Words for Women Writing Memoirs, #30

by Matilda Butler on January 30, 2012

catnav-rosies-daughters-activePost #42– Women’s Memoirs, Rosie the Riveter – Matilda Butler and Kendra Bonnett

Memoir Writers, Storytellers and Journalers, All Benefit from Careful Word Choice

Here’s the 30th word on our list that can first be attributed to the period of World War II between 1940 and 1945.

This one is fascinating. If you say Astrodome today, most people will immediately think of the Houston Astrodome. The concept for a stadium enclosed with a dome was proposed in the mid-1950s. And although I can’t find the direct link to the astrodome on a WWII airplane, I’m sure that is the connection. By 1960, Houston had leveraged its plan to get a MLB team to the city and the stadium was completed in 1965. The team, of course, became the Houston Astros. The translucent panels of the dome were designed to let in daylight so that the grass on the baseball field could grow. The sun and the grass got along just fine. However, the outfielders couldn’t catch balls in the afternoon because the glare through the panels blinded them. After a number of the panels were painted over, the grass was no longer happy.

The end result? A new kind of synthetic grass that we call …… yes, AstroTurf.

And what about the Houston Astros now? They play in a new downtown location called Minute Maid Park — with a retractable-roof that allows them to have real grass rather than AstroTurf.

astrodome, n.

Etymology: < astro (star) - comb. form + dome n. Aeronaut.

Definition: A transparent dome on the top of the fuselage of an aircraft from within which astronomical observations can be made.

First use as listed in Oxford English Dictionary:

1941 Aeropl. Spotter 16 Jan. 23 (caption) Astro Dome.
1942 We speak from the Air xi. 34 As second pilot I was in the astro-dome keeping a look-out all round.
1943 Times 11 Mar. 2/5 The astrodome was shot away; and the bomb doors would not close.

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Background for Our (Mostly) Daily Word from World War II

A memoir writer carefully chooses her words. That’s the only way to convey meaning and emotion to readers. There is another level of word choice that a writer needs to consider. Words that are appropriate for the time period.

When Kendra and I were writing our collective memoir, Rosie’s Daughters: The “First Woman To” Generation Tells Its Story, we kept a book nearby that contained a new word that gained popularity in each year. This became a vital resource as we tried to find ways to recreate the different decades.

Let’s say you are writing about your childhood and using dialogue. Not only should you use the language level appropriate for your age, you should also be careful to not include words that weren’t even in the dictionary at that time.

Introducing Words First Known to be Used During World War II

This year, we’re going to bring you words introduced during World War II — 1940-1945. We continue our fascination with that period after our research for writing the memoir Rosie’s Daughters. Words from an era help to define that time period. We’ll post a word almost every day — always late in the afternoon. Be sure to check in regularly.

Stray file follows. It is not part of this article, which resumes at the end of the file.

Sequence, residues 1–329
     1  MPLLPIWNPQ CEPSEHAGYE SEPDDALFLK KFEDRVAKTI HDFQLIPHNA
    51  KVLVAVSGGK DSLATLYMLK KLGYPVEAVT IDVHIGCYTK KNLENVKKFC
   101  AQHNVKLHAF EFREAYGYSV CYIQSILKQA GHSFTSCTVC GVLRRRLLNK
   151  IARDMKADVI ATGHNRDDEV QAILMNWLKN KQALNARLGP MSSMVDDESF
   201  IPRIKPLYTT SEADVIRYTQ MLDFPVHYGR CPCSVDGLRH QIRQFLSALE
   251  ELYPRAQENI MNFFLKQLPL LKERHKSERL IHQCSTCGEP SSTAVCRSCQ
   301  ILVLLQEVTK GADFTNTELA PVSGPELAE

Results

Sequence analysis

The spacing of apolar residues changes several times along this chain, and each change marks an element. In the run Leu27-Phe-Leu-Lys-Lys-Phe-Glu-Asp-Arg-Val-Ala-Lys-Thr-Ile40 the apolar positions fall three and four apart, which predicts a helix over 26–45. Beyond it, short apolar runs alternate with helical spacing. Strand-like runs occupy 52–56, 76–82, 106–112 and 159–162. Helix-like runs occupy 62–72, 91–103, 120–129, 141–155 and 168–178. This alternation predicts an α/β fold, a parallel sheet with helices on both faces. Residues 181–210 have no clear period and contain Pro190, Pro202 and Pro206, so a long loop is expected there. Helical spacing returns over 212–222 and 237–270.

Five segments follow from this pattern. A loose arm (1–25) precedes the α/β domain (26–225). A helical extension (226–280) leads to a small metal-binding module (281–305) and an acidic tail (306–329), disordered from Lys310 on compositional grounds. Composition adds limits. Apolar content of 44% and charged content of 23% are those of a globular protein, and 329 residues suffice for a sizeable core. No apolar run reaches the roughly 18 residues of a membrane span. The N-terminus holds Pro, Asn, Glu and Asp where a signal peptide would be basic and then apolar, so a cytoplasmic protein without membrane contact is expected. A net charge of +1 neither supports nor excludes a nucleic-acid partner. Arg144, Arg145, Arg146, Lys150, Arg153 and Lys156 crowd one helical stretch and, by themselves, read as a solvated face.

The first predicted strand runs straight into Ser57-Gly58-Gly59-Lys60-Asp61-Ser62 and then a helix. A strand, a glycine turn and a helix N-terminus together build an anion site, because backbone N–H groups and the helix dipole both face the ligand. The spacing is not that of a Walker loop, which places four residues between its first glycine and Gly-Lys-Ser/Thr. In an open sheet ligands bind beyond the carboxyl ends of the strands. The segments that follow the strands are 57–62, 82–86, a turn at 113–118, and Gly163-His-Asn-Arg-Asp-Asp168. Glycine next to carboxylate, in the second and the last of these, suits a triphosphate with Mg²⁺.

Where do we find these words? The Oxford English Dictionary, of course. OED is a resource for all writers, containing information not just about meaning and pronunciation but also about changes in our language, history and origins of more than 500,000 words. It traces the original public use of words through about 2.5 million quotations.

It is possible to search by year with the word was first introduced. By putting in 1940-1945, we found 2,122 words with a first documented use during World War II.

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We’ve had many requests for one over the years, but knew it would take a lot of research to do this right. Finally, this fall, we tackled the job. To learn more about the history of Rosie the Riveter’s pin, actually her employment badge, and how we created it, just click here.

Rosie the Riveter, Rosie the Riveter Employment Pin, Rosie the Riveter ID Pin, Rosie the Riveter Collar Button, Rosie the Riveter Employment Badge, Rosie the Riveter Pin as Zipper Pull, Rosie the Riveter bandana, Rosie the Riveter scarf, Rosie the Riveter red and white polka dot bandana, red and white polka dot scarfROSIE THE RIVETER ZIPPER PULL. We fell in love with our Rosie the Riveter pin and wore it everyplace. It became my favorite piece of jewelry. It was a great way to get into conversations with people when they asked what I had on my collar. But then winter came and my Rosie pin was buried under a coat.

Then we came up with the idea of a Rosie the Riveter Zipper Pull. It’s just a little smaller than our Rosie Collar Pin — perfect to wear on all your jackets and vests. We never leave the house without one one.

They’re fun, inexpensive, and great conversation starters. Wear one proudly to declare that you are an empowered woman. To order yours today, just click here.

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If you want the official look, the official red and white polka dot scarf, we’ve got what you are looking for because no one else offers a true Rosie the Riveter bandana. Our bandana is a generous 27 x 27 inches so you can tie it just like Rosie the Riveter did. You also get more white polka dots — large ones just like Rosie wore — and in a random pattern. We studied her bandana to make sure we were offering you an authentic look. And finally, we’re pleased to say it is Made in the USA.

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